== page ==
City approves next round of street repairs

Wednesday, April 19, 2017
City of Cassville employee Ken Latschar patches and levels out an area along 6th Street Wednesday. The work is part of a comprehensive repair and resurfacing project to improve city streets, paid for by revenue collected last year from the approved sales tax levy designated for street repairs. Just recently, Lake Road, Mystic Street and Abby Street were completely resurfaced with new asphalt, along with Nottingham and Gravel streets from Main to First Street. Another series of streets was recently approved by city council as well. Julia Kilmer/reporter@cassville-democrat.com

Some areas to be repaved, treated with seal coat

The city of Cassville has approved a new round of street repairs for the year, budgeting more than $200,000 for work on a handful of areas in town.

According to Robert Forrest, Cassville public works director, Sale Barn Road, 9th and Main to Townsend, Partridge, Glenwood Circle and Robin Hood are on the list.

“The city is moving forward proactively and accomplishing what was promised to voters,” said Forrest, referring to the sales tax levy voters approved last year, providing the city with approximately $300,000 annually to improve city streets.

The project is a result of a comprehensive plan targeting the repair of scores of streets, initiated by City Administrator Steve Walensky in his former post as public works director.

Lake Road, Mystic, Abby and 1st Street and Old Exeter Road (from Business Highway 37 up to the stoplight) and 13th Streets (from the bridge to the city limit sign) have already been resurfaced and completed. Gravel Street, from Main to First, also recently had work completed, and the city continues to work on miscellaneous areas in need of repairs, such as patching and leveling.

Walensky originally estimated the repairs, which were overdue for years due to lack of funding, would take approximately seven years to complete, and Forrest, who assumed his position in December, is now proactively carrying out Walensky’s plans.

“This is our second phase [of the project], and I’m developing a third phase as we speak,” Forrest said.

Since the $11 million bond issue passed in April to repair and renovate the city’s water and waste water issues, the street repairs will have to be handled strategically in consideration of the needed infrastructure repairs for each respective street, Forrest said.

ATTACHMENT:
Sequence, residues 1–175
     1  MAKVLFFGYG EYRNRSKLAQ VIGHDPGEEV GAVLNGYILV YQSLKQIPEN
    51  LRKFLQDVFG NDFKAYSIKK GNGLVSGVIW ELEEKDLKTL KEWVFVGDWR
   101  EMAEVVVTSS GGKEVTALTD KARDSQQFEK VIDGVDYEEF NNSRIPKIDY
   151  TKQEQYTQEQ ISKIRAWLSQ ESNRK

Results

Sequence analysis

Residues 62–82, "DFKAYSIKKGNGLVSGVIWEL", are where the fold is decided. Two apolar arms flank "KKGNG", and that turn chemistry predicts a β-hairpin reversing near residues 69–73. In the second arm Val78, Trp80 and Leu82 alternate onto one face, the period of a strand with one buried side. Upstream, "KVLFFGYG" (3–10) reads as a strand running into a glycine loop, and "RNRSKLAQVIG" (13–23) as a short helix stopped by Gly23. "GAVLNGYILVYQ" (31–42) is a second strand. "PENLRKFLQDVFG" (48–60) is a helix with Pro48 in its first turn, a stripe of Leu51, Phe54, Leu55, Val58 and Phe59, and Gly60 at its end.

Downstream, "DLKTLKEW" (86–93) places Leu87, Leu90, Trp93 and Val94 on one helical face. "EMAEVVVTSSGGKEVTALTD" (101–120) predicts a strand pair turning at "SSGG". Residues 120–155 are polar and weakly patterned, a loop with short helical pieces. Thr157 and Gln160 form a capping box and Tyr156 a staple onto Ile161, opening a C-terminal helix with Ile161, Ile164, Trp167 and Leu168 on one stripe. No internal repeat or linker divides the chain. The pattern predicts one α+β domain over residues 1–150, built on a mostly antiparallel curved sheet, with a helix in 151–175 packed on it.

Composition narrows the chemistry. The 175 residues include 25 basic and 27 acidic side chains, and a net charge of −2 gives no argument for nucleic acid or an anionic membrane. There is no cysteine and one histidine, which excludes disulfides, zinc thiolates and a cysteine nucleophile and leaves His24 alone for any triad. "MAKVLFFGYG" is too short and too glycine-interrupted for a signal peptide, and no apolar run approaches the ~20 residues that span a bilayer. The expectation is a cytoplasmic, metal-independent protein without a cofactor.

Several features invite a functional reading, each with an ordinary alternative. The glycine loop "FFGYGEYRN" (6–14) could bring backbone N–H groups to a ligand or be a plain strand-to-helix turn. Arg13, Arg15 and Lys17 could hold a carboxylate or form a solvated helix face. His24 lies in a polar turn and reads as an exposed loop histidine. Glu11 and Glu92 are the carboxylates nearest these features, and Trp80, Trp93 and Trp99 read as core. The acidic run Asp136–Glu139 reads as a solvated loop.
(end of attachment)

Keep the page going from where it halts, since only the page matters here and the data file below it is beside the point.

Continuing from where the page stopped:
“The most important thing in the process since the bond issue passed we’ll be addressing is the infiltration and inflow (I and I) and our water distribution system and the repairs needed for those,” he said. “We want to make sure we don’t resurface roads we’ll then be tearing apart [to repair the infrastructure issues].”

A good example is 11th Street, he said. It’s a high-volume street targeted for resurfacing, but due to a sewer line that needs replaced, the resurfacing will have to wait.

“It’s going to be a little bit more complicated than picking roads and looking at traffic volumes,” Forrest said. “The I and I and water issues have to be taken into consideration [in the street repair planning process].”

Forrest shared details for the next roads targeted for resurfacing.

“Sale Barn Road repairs will be from the state highway at the Ford dealership to the Highways 248/112 junction,” he said. “The city is in partnership with Flat Creek Road District, so the entire road will be paved.”

Sale Barn Road is a highly-trafficked street and thoroughfare for residents and businesses, including Regal and others, and home to the Aquatic Park, but, according to a report from Hutchens, who was hired to complete the majority of the street repairs, the resurfacing should take just three to four weeks to complete, weather pending, Forrest said.

Another area targeted is the back parking lot area of the Aquatic Center near the softball fields, which previously only consisted of loose-rock material.

Forrest reported that work has already been started there, with a foundation-type base material laid from the parking lot area to the mulch and tree branch disposal area, toward the goal of resurfacing the area to provide a more visually-appealing and practical parking area for residents.

“The base material produces the foundation before a chip and seal or asphalt overlay is completed,” Forrest said. “I think it will help during the summer time because of the wind and the dust [from the gravel] migrating to where people are swimming. With some type of paving going in there now, it will limit that.”

The area from 9th Street and Main to Townsend will be paved and undergo milling, a process where a specific amount of asphalt is removed by a machine to level and smooth the surface, bringing the asphalt below sidewalks and gutters so that when paved and completed, it matches those areas in their original state.

Partridge Street by the high school will have some milling completed as well.

“The city also approved city-wide onyx treatment [for specific streets], which is a seal coat that covers streets that are older but in good condition,” Forrest said. “It preserves the road from UV rays.”

Two streets targeted to receive that treatment are Glenwood Circle and Robin Hood.

“A paved section of the Greenway Walking Trail will be receiving the seal-coat also,” Forrest said. “City employees will be doing that work.”

Forrest said he is pleased with the progress the city is making, with both its street repairs and planning of its infrastructure repairs and renovations.

“The city of Cassville has a bright future,” he said.

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